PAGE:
82nd Illinois Infantry

43rd Illinois Letters

Illinois Staats-Zeitung

March 25, 1864

Camp 43rd Regt. Ill. Vols. Inf.,

Little Rock, Arkansas

March 4 1864


You certainly will already have heard the news that 8 companies from the 43rd Illinois Regiment (Körner Regiment) have reenlisted, among which is the Chicago company. Hopefully we will have ¾ of the regiment [reenlisted] by April 1, because we need only 25 more men. The first company that reenlisted was that from Chicago; it is perhaps the first German company from the state of Illinois to take this patriotic step.

Now the fairer sex from Little Rock also has to take the oath of allegiance. Yes, no citizen, not even a child, can buy something before they have shown their loyalty certificate to the seller. One of them named Woodruff, who only took the oath to make purchases, but nevertheless wanted to remain faithful to the southern Confederacy, as he stated in a letter, had sent things south with the Underground Railroad; however, he fell into the hands of our vigilant spies and was exiled from here and will be deported to Dixie this week. He has much property but this did not save him.

Several Negro regiments will be raised here under the supervision of Col. Cummings, colonel from a Pennsylvania cavalry regiment. Two regiments are already filled but the loyal white Arkansans are not idle—3 regiments are already complete, 1,200 men each; one has 8 companies and the 4th Regiment has 5 companies.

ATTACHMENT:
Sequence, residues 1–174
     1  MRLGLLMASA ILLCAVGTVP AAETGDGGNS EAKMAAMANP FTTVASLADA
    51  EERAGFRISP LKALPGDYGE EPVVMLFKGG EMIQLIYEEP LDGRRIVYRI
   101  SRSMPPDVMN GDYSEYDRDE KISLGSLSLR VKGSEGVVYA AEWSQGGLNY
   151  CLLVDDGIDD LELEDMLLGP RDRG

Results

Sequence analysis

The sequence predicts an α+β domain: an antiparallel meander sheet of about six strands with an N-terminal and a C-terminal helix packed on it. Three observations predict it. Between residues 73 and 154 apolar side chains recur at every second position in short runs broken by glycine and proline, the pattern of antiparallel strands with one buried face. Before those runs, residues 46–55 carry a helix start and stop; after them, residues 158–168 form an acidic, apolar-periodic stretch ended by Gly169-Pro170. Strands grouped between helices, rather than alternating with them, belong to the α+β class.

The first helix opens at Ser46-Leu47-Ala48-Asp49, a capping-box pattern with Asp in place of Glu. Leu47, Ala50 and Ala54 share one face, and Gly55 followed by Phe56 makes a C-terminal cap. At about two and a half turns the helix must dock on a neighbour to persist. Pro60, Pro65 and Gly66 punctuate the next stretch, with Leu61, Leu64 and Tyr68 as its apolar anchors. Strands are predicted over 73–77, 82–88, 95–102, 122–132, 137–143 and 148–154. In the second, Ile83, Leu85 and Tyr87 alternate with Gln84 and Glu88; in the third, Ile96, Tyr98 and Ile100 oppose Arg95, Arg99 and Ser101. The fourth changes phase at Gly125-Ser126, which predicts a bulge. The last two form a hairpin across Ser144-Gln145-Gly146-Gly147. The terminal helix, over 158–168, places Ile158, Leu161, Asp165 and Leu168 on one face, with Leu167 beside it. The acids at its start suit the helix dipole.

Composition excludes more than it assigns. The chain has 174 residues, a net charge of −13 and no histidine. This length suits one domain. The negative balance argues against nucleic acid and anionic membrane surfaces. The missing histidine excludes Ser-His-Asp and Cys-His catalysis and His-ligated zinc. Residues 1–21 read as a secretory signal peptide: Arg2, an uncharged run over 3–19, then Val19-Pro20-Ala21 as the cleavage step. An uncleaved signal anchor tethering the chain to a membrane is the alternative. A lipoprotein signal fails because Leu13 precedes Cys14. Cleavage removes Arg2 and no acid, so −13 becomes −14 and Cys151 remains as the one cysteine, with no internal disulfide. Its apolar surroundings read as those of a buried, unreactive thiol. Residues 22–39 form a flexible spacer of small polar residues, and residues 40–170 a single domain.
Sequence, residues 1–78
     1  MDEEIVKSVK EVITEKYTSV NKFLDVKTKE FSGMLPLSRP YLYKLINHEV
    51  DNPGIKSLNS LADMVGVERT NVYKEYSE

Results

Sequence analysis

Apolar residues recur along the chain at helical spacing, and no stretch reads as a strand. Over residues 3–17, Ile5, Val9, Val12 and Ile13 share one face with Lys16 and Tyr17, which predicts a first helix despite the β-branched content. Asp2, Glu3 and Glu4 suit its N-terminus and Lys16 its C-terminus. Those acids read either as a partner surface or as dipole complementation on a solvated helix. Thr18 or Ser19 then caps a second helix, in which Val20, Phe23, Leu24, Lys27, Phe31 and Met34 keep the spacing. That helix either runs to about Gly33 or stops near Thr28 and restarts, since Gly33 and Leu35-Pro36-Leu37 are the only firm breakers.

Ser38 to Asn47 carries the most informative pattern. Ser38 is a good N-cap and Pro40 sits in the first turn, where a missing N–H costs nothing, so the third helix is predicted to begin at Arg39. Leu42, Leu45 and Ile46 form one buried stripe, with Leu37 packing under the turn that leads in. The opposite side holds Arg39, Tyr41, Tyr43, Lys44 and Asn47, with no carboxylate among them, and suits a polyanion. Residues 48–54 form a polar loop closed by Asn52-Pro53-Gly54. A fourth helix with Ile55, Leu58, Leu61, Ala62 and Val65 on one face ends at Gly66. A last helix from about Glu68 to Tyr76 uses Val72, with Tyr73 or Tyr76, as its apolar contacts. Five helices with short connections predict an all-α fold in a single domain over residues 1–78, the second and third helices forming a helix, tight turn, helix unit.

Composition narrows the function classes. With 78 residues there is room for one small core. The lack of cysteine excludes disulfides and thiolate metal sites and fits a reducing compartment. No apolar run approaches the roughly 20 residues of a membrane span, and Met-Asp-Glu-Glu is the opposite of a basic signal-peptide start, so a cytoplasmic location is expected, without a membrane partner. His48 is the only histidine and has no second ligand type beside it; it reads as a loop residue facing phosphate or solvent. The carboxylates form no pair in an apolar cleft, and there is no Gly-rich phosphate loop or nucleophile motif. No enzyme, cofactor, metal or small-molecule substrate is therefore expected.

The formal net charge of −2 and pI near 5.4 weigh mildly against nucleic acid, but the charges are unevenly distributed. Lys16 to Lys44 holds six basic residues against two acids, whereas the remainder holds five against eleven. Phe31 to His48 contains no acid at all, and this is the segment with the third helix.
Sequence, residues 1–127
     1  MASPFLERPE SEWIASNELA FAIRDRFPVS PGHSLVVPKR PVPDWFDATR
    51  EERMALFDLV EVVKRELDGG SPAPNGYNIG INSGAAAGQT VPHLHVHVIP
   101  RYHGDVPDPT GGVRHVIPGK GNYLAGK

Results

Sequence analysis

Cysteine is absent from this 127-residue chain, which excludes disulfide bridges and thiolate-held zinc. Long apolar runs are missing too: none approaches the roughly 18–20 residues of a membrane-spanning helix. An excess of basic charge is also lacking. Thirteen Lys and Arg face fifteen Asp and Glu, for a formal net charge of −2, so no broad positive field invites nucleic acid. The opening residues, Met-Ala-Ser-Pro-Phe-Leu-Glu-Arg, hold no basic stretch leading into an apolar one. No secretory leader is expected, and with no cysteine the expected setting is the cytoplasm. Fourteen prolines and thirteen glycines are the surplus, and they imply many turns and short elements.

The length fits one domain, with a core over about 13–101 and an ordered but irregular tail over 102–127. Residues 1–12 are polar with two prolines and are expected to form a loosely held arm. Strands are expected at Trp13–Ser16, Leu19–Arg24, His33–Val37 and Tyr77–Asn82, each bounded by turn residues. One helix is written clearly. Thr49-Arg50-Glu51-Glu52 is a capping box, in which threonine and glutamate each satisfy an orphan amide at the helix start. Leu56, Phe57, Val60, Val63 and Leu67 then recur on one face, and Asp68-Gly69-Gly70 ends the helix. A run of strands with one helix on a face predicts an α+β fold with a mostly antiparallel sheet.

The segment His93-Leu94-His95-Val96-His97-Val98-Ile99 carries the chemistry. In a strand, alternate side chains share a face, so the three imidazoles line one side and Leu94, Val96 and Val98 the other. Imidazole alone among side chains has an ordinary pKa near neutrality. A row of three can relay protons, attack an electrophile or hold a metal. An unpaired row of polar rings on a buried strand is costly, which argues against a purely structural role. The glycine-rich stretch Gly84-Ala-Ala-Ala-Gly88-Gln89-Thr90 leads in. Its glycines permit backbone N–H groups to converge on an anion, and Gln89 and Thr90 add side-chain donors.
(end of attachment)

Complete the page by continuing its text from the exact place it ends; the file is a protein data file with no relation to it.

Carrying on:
Besides ours, the 9th Wisconsin, a German regiment, is also here, which permits the German soldiers to take part in some amusement each Sunday. Several members of Company C from the regiment have set up a theater in three large hospital tents; last Sunday the Proposal on Hegoland took place; unfortunately the majority of the actors had come only a half hour before the performance from duty (steamboat loading) and therefore were very exhausted, and the poor average woman in the street had the day before, caught a cold on guard duty the day before, and was therefore very hot. Despite all these difficulties it went rather well. What would the actors in Chicago say, if they were supposed to perform under such circumstances?

About two days ago the long awaited fleet arrived and brought with it our greatest friend, Beer. A true beer drinker came off poorly, however, because we had to pay 25 cents for a small glass of beer; whiskey costs the same.

General Steele promised our regiment that we will arrive in Chicago next month. All old regiments in this department up to the 7th Missouri Cavalry have reenlisted.





Illinois Staats-Zeitung

April 11, 1864


[43rd Illinois]

Little Rock, Ark.

March 23, [1864]


Since my last letter significant changes have taken place in this department. The whole army of Arkansas has had marching orders since May 3. However up until today we could not march because the cavalry and artillery were in no condition to march; they could hardly pull the guns out of the city. Yesterday 500 horses finally arrived and they had barely been distributed when the troops began moving. First came the mounted cavalry, then the dismounted cavalry, which is supposed to search for horses on the way. In all about 6,000 men under the command of Brigadier General E. Carr, then followed Gen. Salomon’s Infantry division, the strongest division of the whole United States army, with different batteries, followed by the supply and ordnance train. The train ended with Col. Engelmann’s Brigade; the 43rd (Körner Regiment) Ill. The Regiment formed the rear guard. The 43rd spent the last six months as Provost Guard in Little Rock.